When I accepted his soft, downy proposal, I thought to drown my passion beneath it. I thought it could save me from my nature.

He expeditiously discarded the word-smithery with which he had won me, and replaced it with practicality and rationalism. He lay carpets and furniture at my feet. In my hands he placed cooking implements and cleaning products. He tucked yet more gifts in hidden places: rank, balled-up socks under the bed, twisted tubes of toothpaste and bad smells in the bathroom, crumbs of toast and smears of marmalade in the butter dish. In the morning, his loud laughter and readings from the newspaper tangled my thoughts. In the evening the noise from the television killed my creativity. At night the heat from his body chased sleep away.

(However, he soon irritated me.)

After a while, I extracted his teeth with a sledge-hammer. I destroyed his father’s estate. I caused the tax office to refuse his rebate. I tore down his house. I drove his Mercedes into a wall. I killed his computer with a rash of vicious viruses. I burned his books. I broke his bed. I trifled with his affections and left him raw and heartbroken. I undid him.’

(We parted company.)

These days, in winter, I keep myself warm with many layers of thin clothing, and thick blankets, and I sleep through the long hours of the night. In summer, I wake up each morning with the dawn. I am eased into a calm consciousness by the daylight, as it soaks through the thin skin of my tent. Overhanging trees dapple a caramel silhouette onto the cream canvas wall that protects me.

My passion is consumed.

(I prefer being alone.)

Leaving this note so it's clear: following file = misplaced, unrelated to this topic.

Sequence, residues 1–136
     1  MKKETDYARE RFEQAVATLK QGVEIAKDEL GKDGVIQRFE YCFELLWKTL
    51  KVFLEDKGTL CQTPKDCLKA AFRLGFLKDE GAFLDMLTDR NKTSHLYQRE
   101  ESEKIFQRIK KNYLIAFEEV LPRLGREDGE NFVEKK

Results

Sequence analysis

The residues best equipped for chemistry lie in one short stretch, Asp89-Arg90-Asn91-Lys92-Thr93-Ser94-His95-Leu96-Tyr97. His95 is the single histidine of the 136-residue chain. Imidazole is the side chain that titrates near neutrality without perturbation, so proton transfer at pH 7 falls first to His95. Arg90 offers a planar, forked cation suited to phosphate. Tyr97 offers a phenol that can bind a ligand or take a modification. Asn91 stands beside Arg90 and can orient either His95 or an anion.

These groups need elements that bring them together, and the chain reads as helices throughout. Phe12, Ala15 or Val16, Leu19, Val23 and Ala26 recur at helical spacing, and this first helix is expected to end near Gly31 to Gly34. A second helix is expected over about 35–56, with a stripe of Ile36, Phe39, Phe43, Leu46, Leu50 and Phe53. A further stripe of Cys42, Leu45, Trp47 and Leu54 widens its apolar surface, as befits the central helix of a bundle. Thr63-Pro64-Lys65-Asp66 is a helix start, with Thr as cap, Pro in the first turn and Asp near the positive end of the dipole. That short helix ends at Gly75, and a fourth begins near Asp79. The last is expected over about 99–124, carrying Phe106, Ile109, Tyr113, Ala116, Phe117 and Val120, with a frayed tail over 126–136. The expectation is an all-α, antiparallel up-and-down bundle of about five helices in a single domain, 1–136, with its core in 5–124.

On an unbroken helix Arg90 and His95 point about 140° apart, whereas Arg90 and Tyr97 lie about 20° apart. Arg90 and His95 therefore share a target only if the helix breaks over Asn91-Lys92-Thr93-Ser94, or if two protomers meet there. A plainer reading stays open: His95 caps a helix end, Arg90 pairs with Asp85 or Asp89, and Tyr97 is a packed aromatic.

© Jane Paterson Basil



not so long ago
all of the treasures which were mine

all of those gems
which shine forth
throughout each day

the friendly smile and
the grandchild’s

did not reach me,
but remained unrecognised and unheard.

not so long ago
came the day when
my need for escape
freed me from my shell
I floated to the ceiling

I looked
down upon
of myself
abandoned on the kitchen floor
the part of me that contained the mouth
and the sound that it formed was
“this too shall pass

Perhaps there were crack dealers with guns in my attic, or perhaps I had come home to hide after running from my son. Maybe I had found him in a terrifying drug stupor, or I had got my wallet out and it was empty when there should have been enough money for me to buy food to stave off my hunger.

whatever the cause
I was on the floor
had suggested that
I look
at the
another angle,
and I had never lain on my kitchen floor before, so I was trying a new cure for what ailed me. I was searching the ceiling for an answer. It was the only new angle I cound find.

chanting lips
could not
drive out
the horror
was my

could not
assuage the
my son
who I loved
although I
was going to die.

He was going to die because he could not begin to control his habit. Even though he was in touch with his mortality, it was beyond his ability to save himself. His willpower had flown, and his habit increased.

death honed his scythe in preparation.